Steamboat man places 4th at barbecue competition

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BBQ competition

Grill masters brought their best on Saturday at the BBQ at the Summit in Dillon.

Grill masters brought their best on Saturday at the BBQ at the Summit in Dillon.

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Jake Foss, 5, of Highlands Ranch takes a bite of a rib Saturday at the BBQ at the Summit in Dillon.

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Dean Montgomery brushes sauce onto his ribs, which are about to be turned in for judging.

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One-year-old Wesley Foa chews smoked pulled pork Saturday made by Steamboat Springs resident Dean Montgomery at his Q Live Crew stand at the BBQ at the Summit in Dillon. Wesley's mother, Kory Foa, said her son is a good barbecue eater.

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Dean Montgomery displays his pulled pork that is about to be turned in for judging Saturday at the BBQ at the Summit in Dillon. The pork was ranked the fourth best at the competition.

— Sleep is not one of the ingredients competitive barbecue cooks stock up on during a competition.

Midnight becomes a frenzied witching hour of barbecue sauces and dry rubs as cooks begin firing up stacks of apple and hickory wood and charcoal to smoke hundreds of pounds of pork, ribs, chicken and brisket. For nearly 14 hours, smoke plumes from dozens of barbecue smokers while the intoxicating smell of dinner lingers in the air.

Like the dad of a newborn child, Steamboat Springs resident Dean Montgomery was up every hour on the hour Friday night tending to the hundreds of pounds of meat sitting on his smoker, making sure the temperature was just right, spraying just enough apple juice on the ribs to keep them moist, and most of all, worrying.

"I'm nervous," he said Saturday while buzzing around a small booth space stacked with barbecue sauce, spices, cutting boards and knives. "I started cooking (Friday) at about 6 (p.m.), but it got pretty cold - it was a challenge to the keep the temperature up. I was worried about what was going on in my smoker. I was having dreams of barbecue going bad, so I didn't get a lot of sleep."

Montgomery, who has worked the Steamboat sushi and bar scene for years, has found a new passion: the chaotic world of competitive barbecuing.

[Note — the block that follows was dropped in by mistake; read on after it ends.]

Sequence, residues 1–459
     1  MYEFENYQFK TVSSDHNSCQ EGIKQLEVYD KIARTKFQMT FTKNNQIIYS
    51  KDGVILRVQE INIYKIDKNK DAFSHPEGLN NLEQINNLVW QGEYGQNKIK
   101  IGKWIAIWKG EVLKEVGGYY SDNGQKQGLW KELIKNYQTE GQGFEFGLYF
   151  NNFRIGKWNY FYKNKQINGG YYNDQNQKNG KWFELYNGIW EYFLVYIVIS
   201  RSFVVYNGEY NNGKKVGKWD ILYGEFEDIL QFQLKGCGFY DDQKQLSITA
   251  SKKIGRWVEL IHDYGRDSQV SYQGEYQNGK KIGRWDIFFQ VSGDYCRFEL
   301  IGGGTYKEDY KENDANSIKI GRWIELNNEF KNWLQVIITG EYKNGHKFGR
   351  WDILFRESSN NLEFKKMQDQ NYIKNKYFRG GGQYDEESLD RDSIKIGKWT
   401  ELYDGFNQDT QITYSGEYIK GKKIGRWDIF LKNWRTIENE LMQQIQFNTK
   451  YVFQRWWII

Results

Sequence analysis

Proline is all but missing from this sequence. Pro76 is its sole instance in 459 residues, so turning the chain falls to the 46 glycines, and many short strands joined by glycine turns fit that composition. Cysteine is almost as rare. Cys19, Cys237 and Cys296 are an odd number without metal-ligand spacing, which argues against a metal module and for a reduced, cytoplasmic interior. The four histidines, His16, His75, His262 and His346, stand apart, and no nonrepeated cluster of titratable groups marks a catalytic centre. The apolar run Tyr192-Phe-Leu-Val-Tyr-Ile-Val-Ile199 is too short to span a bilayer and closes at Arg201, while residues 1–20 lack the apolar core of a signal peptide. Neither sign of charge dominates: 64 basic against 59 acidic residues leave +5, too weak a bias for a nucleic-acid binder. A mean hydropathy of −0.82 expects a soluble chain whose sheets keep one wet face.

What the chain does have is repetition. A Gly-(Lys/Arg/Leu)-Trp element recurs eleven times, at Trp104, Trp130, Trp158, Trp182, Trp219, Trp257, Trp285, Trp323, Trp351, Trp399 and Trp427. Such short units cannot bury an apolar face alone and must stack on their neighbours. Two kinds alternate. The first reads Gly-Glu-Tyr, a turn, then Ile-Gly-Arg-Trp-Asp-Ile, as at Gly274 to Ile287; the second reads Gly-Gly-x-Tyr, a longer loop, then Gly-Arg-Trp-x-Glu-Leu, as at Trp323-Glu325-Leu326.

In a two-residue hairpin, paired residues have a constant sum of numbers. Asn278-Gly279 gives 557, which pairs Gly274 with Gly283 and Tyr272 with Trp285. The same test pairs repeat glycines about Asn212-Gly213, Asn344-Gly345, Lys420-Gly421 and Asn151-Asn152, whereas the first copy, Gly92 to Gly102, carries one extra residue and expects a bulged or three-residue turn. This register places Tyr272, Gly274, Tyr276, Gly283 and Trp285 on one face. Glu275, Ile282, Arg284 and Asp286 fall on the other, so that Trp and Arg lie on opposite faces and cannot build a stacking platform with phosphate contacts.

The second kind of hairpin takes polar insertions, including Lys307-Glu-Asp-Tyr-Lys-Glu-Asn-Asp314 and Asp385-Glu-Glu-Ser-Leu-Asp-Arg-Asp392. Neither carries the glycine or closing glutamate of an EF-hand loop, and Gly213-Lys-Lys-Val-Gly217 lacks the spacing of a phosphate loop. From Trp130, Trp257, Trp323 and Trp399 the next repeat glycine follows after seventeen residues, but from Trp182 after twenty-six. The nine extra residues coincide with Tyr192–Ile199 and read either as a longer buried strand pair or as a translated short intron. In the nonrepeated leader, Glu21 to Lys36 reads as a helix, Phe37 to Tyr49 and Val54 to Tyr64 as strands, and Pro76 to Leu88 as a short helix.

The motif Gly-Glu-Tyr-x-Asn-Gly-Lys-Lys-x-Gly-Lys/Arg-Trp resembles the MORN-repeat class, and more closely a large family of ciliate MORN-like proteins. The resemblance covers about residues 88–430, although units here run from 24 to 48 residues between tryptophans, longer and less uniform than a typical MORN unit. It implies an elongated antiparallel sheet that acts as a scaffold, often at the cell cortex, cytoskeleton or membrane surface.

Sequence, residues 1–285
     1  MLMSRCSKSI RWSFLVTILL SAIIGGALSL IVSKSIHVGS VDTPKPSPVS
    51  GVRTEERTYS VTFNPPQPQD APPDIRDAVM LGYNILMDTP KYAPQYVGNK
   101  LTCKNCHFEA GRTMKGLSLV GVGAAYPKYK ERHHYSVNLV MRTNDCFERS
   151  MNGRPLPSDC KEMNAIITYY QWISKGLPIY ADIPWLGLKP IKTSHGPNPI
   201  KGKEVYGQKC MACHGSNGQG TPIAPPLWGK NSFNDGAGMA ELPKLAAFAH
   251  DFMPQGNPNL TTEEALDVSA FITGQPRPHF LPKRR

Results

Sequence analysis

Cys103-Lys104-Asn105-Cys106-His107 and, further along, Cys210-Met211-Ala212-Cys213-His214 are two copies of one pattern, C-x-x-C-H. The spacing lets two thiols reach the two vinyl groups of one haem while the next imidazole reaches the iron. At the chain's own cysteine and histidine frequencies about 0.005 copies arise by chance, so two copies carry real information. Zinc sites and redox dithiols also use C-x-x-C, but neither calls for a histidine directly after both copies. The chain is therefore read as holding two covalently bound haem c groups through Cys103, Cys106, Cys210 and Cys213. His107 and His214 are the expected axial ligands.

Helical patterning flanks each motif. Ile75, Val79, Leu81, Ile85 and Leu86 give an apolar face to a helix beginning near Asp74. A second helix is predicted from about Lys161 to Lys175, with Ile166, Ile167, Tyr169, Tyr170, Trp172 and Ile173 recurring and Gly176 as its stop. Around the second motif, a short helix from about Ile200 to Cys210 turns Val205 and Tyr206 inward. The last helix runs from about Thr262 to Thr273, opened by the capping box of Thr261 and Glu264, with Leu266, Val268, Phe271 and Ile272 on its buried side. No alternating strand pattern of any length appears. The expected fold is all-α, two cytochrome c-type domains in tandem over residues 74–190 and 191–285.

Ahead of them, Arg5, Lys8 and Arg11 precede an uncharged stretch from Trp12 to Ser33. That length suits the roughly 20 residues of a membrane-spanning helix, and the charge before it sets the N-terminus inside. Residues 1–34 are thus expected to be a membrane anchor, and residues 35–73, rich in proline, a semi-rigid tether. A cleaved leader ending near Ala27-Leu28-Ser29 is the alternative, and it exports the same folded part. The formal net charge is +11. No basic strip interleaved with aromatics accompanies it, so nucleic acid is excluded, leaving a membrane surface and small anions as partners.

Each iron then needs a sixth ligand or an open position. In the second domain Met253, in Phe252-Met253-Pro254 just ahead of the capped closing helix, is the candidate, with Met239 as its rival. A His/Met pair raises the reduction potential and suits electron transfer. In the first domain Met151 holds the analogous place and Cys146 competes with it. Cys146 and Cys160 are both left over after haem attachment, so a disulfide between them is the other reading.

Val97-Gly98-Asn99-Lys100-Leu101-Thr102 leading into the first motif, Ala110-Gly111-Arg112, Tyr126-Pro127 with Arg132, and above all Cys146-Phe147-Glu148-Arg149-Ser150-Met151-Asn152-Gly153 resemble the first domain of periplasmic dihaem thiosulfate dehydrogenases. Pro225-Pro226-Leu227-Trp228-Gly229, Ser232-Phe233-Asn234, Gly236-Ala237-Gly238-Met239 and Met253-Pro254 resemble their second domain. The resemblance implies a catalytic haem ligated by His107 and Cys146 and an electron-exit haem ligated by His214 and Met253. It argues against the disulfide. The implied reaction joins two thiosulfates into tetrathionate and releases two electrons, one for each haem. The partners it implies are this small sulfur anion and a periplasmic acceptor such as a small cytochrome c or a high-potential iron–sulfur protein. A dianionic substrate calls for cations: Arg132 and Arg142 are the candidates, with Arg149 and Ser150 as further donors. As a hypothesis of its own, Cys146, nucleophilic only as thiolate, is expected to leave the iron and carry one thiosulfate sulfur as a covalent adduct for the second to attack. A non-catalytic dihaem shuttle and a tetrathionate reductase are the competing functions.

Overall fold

All of Montgomery's worry and preparation was to present his own special chicken, pork, ribs and brisket during the 12th annual BBQ at the Summit in Dillon. The two-day event, which drew more than 25,000 people, is a Kansas City Barbecue Society-sanctioned competition, and the only barbecue competition held at an elevation higher than 9,000 feet. Winning cooks at the BBQ at the Summit move on to the highly coveted American Royal Barbecue in Kansas City, Mo. Nearly 500 teams compete during the Kansas City event.

Montgomery's pulled pork placed fourth among those 500 teams several years ago. Since then, Montgomery has won awards for his pork and chicken. On Saturday, Montgomery placed fourth again in the pulled pork category. His barbecue sauce placed eighth among the 44 sauces that were tasted by judges. Overall, he placed 33rd among the 67 competitors who were gunning for the title of grand champion.

"I'm still learning," he said. "These things are always a crap shoot."

Although he's a modest man who hates clamoring about how great his barbecue is, Montgomery said he knew the pulled pork was a winner.

"I wasn't fooling myself," he said. "When it's good, it's good."

'People love barbecue'

Rob Irvine, the "Head Steer" and co-organizer of the BBQ at the Summit, said the event began as a way to raise money for the Summit County Rotary Club.

After exploring their options, Rotarians agreed that the key to successful fundraising is to go through people's stomachs.

"How do you draw 25,000 people to a bake sale?" he said Saturday afternoon. "People love barbecue."

BBQ at the Summit offers a unique opportunity to provide the public with samples of the barbecue. Other competitions do not allow the public to wander around tasting meats and licking barbecue sauce off their fingers, he said.

About 80 teams from across the country entered the BBQ at the Summit.

"A lot of these teams come here just to compete. They come here strictly for the competition," Irvine said. "It's a very big deal to these guys because the American Royal (Barbecue) is the big daddy of the Midwest."

Co-organizer and "Head Hog" Nancy Youngsteadt said the event served many purposes, including raising money for the Rotary Club, putting Dillon on the map, providing family fun and entertainment, and allowing past and future barbecue champions the opportunity to show off their creations.